Housing Market and Rent Control
  • 15% "Non-Resident Speculation Tax (NRST)" in the golden horseshoe.
  • New rental control measures on units built after 1991. 
  • Increase supply of rental properties and housing by reducing red tape slowing down building approvals at the municipal level.
  • Allow municipalities to tax vacant lots. The City of Toronto will have the option to implement a Vacant Homes Property Tax at a higher rate to encourage owners to sell unoccupied units or make them available to be rented.
Income Supports and Basic Income

"We're moving forward with a Basic Income Pilot to explore how we can provide more consistent and predictable support to those with low incomes, including those who may be precariously employed. Testing how a Basic Income pilot may improve health, employment and housing outcomes are all part of our efforts to promote a growing economy that benefits all Ontarians." (Quoted from 2017 budget)
  • To help improve Ontario Works and the Ontario Disability Support Program, the government is investing more than $480 million over four years to raise asset limits (OW to $10,000 and $15000 for couples. ODSP to $45,000 or for couples $50,000. This takes effect in January 2018), increase income exemptions for cash gifts (now $10,000 for OW and ODSP), and provide a benefit rate increase of 2% that will impact 900,000 people across Ontario. The Personal Needs Allowance for people living in institutions or shelters are included in this. Rate increases will occur in September of 2017 and September of 2018. The Remote Communities Allowance will also be increased by $50 per month for the first person and $25 for each additional family member.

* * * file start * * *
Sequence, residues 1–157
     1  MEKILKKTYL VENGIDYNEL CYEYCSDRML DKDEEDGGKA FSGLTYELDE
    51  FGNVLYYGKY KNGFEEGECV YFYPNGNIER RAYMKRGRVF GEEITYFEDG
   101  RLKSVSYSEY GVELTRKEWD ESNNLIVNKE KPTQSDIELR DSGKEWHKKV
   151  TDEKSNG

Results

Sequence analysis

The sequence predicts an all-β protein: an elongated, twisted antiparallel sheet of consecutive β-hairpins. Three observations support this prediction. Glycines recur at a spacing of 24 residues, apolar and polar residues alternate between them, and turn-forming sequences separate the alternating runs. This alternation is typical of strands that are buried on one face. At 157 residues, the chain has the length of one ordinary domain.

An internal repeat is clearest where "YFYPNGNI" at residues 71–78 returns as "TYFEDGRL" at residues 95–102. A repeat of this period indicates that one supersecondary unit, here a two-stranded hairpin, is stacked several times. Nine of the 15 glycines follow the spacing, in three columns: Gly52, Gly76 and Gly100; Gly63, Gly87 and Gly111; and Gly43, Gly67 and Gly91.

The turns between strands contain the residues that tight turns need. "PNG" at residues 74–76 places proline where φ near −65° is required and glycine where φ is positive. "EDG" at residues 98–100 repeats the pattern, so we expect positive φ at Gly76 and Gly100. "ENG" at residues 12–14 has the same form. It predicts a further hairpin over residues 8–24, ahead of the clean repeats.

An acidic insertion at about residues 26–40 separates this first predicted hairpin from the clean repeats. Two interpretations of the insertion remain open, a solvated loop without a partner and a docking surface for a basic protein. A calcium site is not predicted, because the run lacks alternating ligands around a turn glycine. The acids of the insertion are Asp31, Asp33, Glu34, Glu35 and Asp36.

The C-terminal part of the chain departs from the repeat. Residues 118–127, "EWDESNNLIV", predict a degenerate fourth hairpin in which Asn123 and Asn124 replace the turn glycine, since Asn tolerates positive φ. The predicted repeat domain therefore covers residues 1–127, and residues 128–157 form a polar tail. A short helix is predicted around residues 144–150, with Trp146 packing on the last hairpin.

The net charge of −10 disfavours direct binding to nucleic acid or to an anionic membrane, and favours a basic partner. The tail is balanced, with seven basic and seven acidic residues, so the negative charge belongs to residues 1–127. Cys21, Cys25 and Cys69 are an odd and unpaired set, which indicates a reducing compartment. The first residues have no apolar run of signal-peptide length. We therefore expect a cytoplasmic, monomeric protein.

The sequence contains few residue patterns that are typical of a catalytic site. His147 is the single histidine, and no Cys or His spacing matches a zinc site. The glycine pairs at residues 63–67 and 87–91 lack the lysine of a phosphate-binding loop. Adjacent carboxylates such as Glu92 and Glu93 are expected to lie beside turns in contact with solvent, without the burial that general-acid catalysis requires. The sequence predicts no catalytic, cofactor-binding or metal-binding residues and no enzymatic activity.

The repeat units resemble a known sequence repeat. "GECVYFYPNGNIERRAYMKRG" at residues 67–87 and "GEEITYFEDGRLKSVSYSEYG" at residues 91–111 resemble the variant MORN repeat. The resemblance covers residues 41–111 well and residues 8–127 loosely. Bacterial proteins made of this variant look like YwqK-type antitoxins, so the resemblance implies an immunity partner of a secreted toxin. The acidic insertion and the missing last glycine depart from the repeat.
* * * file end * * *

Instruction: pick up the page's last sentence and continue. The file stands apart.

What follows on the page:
Community Hubs, Education, Early Learning and Child Care
  • No new dollars in the budget for community hubs. The Province is taking measures to coordinate health, social and education services to better serve people and their communities by creating spaces for community use in schools and expanding child care and family services. The Province is committed to making it easier to create community hubs and ensuring the best possible use of public properties, including schools, hospitals and provincial properties that are no longer needed for their original purpose. Hubs specializing in youth services were also mentioned in the budget document.
  • $200 million to support 24,000 children getting access to affordable, quality licensed child care through fee subsidies and spaces in schools to reduce waiting lists. The goal is to eventually reach a total of 100,000 new spaces.
  • Class size caps on all day kindergarten and enhanced support for special needs children.
  • $16 billion over 10 years to build new schools in high growth areas.
  • $200 million to improve energy efficiency of schools.
  • Invest in a new French Language University.
  • $200 million over three years to help First Nation, Metis and Inuit students access postsecondary education. 
  • Reducing household electricity bills by an average of 25% this summer. This includes removing the 8% provincial portion of the HST. 
  • Additional relief for rural, remote or on-reserve First Nation communities.
Contact Information
If OMSSA members have any additional questions about the provincial budget and details on its contents, please feel free to contact policy analyst Darryl Wolk at .

Thank you for reading the OMSSA 2017 Provincial Budget Report.
Personal regards,
Darryl Wolk
Policy Analyst